Alaska Sen. Lisa Murkowski did not offer a response to the president’s comments, but, like Sullivan, argued for a focus on “ensuring that the Defense Department maintains adequate defensive and offensive capabilities to address any threat from the Pacific.”
Murkowski said she’d seek to do that through her position on the Defense Appropriations Subcommittee.
“The delegation has worked hard to bring THAAD interceptor testing to Kodiak, to improve our ground-based missile defense capabilities at Fort Greely, and to modernize military radars throughout our state,” Murkowski said.
She pointed to a review of the nation’s ballistic missile defense that is underway at the Pentagon, and said that is likely to provide “a pathway forward to further missile defense improvements.”
Vigilance is important, Murkowski said, but “I am proud in Alaska’s capabilities and readiness to defend our state — and the entire nation.”
If “Kim Jong Un decided to launch an ICBM at the United States, I believe we have the system right now to shoot that down — to track it and shoot it down,” Sullivan said.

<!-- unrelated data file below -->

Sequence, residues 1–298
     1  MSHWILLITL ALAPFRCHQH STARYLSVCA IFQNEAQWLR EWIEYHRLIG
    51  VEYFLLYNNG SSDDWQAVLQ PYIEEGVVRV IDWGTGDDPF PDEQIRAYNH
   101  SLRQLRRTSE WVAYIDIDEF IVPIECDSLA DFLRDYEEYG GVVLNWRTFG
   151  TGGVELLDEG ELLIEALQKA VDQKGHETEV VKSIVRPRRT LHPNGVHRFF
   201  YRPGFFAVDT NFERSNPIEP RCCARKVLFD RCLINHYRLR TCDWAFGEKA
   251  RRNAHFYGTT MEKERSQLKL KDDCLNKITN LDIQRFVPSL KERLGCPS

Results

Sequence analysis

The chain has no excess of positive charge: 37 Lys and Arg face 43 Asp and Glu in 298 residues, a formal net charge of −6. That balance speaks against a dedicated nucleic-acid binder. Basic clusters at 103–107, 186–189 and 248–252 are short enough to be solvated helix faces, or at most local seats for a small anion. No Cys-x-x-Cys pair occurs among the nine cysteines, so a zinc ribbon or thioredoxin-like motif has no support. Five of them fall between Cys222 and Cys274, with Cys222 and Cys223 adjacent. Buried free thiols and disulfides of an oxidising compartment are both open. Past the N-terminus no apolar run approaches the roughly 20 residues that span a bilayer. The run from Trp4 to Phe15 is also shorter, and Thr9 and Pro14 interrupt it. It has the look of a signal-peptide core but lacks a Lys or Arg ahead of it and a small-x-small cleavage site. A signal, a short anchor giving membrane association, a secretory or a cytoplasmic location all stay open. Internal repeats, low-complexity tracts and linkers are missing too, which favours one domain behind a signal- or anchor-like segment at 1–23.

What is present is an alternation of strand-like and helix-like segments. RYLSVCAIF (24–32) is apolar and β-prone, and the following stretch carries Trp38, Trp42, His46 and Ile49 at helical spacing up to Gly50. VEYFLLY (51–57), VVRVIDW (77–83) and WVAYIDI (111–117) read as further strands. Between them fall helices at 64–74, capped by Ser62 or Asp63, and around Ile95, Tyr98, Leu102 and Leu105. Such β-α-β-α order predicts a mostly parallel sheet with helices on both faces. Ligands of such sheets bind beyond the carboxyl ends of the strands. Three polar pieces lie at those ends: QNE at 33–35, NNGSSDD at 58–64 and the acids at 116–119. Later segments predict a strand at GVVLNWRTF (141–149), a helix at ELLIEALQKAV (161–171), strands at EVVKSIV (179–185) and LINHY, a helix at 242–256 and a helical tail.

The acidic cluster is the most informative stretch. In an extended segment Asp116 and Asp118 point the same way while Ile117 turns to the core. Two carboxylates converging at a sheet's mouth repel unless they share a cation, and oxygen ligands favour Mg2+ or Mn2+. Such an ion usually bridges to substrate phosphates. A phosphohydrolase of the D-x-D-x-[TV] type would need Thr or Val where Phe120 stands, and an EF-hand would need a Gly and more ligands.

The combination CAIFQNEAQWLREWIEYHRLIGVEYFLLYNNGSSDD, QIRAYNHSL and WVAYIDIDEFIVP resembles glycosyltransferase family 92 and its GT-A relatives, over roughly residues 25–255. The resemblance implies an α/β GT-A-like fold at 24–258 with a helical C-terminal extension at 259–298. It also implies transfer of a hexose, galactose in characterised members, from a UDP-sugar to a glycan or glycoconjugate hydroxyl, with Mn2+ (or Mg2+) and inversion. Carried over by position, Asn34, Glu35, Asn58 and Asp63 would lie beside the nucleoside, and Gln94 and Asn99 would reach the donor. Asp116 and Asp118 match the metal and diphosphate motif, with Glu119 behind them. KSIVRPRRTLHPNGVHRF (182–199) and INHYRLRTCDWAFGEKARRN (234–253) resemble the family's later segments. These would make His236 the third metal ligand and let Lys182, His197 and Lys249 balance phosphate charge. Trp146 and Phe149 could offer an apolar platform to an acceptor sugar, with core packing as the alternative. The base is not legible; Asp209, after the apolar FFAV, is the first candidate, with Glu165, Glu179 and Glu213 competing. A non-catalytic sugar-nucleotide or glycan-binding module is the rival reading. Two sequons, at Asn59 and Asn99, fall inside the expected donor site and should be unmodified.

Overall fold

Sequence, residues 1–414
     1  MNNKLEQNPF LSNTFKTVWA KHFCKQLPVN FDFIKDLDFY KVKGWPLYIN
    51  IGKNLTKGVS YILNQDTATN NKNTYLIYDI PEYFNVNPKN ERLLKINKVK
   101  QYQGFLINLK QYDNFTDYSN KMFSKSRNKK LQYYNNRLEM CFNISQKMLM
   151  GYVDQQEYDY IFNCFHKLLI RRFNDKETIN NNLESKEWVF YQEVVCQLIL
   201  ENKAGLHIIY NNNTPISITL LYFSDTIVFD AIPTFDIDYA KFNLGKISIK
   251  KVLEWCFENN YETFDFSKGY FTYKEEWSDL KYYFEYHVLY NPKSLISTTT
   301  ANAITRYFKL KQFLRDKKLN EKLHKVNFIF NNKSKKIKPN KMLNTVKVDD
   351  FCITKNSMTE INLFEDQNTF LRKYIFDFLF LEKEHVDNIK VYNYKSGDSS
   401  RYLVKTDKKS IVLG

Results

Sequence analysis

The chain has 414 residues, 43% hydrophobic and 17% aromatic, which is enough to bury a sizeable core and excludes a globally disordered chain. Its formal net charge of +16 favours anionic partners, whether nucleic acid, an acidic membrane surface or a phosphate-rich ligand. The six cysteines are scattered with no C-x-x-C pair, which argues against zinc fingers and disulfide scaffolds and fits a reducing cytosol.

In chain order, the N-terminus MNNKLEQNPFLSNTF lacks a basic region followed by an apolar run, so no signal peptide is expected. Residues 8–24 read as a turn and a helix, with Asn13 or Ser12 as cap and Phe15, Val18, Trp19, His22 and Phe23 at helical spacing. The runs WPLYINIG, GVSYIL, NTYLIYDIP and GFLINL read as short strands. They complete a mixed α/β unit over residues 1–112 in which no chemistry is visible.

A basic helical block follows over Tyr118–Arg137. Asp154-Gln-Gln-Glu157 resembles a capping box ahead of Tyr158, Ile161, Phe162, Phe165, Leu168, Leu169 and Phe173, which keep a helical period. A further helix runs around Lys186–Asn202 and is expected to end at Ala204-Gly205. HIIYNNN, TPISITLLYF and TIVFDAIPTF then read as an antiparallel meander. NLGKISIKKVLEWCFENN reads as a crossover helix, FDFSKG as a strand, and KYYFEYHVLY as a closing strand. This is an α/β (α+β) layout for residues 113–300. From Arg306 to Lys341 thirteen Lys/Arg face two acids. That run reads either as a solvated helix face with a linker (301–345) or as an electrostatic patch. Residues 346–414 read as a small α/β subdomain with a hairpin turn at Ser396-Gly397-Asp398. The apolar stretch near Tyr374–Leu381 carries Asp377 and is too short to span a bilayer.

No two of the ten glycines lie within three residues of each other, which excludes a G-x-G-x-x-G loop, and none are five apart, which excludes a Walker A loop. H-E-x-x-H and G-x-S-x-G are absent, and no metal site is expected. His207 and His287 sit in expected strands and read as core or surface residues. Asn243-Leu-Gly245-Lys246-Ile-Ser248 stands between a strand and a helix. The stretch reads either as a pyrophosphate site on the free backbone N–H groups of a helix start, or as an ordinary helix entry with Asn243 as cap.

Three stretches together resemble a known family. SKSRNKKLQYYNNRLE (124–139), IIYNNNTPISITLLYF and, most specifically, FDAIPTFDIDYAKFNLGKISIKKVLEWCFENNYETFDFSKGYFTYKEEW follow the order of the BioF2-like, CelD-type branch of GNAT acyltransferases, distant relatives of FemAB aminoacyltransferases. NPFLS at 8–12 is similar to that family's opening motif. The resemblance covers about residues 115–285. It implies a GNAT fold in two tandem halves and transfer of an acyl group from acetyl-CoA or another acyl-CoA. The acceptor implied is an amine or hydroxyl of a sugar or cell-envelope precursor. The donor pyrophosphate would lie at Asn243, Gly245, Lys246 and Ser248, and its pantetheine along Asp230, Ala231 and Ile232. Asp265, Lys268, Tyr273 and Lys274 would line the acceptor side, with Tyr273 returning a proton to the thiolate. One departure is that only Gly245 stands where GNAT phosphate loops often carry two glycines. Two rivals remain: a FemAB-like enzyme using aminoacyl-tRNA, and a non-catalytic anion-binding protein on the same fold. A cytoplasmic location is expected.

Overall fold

Related stories from around the North:
Canada: Do Russian bomber patrols in the Arctic threaten Canada’s security and sovereignty?, Radio Canada International
Finland: Russia, Finland leaders talk defence, environment and possible US sanctions, Yle News
North Korea: North Korea signs Svalbard Treaty, The Independent Barents Observer
Norway: Russian military aircraft spotted outside Norway during Arctic Challenge break, The Independent Barents Observer
Russia: Russia sets up military unit for propaganda warfare, The Independent Barents Observer
South Korea: China, Japan and South Korea hold dialogue on the Arctic, blog by Mia Bennett
Sweden: Swedish PM questions Chinese warships in Baltic Sea, Radio Sweden
United States: Alaskans greet North Korean missile test with a shrug not a shriek, Alaska Public Media